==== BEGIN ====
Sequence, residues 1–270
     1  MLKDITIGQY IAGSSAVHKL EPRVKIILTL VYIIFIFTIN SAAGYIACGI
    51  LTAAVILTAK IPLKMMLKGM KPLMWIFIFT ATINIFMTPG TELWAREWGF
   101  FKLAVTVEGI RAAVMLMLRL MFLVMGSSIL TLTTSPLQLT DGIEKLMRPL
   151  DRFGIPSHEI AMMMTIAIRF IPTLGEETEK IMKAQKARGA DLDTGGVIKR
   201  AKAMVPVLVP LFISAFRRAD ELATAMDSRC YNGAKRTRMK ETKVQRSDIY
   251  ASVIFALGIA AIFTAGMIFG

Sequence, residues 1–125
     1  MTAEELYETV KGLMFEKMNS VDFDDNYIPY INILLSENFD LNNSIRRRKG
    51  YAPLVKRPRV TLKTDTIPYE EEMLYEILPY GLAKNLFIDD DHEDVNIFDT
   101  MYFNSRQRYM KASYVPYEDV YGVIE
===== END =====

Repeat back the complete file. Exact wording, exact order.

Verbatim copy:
Sequence, residues 1–270
     1  MLKDITIGQY IAGSSAVHKL EPRVKIILTL VYIIFIFTIN SAAGYIACGI
    51  LTAAVILTAK IPLKMMLKGM KPLMWIFIFT ATINIFMTPG TELWAREWGF
   101  FKLAVTVEGI RAAVMLMLRL MFLVMGSSIL TLTTSPLQLT DGIEKLMRPL
   151  DRFGIPSHEI AMMMTIAIRF IPTLGEETEK IMKAQKARGA DLDTGGVIKR
   201  AKAMVPVLVP LFISAFRRAD ELATAMDSRC YNGAKRTRMK ETKVQRSDIY
   251  ASVIFALGIA AIFTAGMIFG

Sequence, residues 1–125
     1  MTAEELYETV KGLMFEKMNS VDFDDNYIPY INILLSENFD LNNSIRRRKG
    51  YAPLVKRPRV TLKTDTIPYE EEMLYEILPY GLAKNLFIDD DHEDVNIFDT
   101  MYFNSRQRYM KASYVPYEDV YGVIE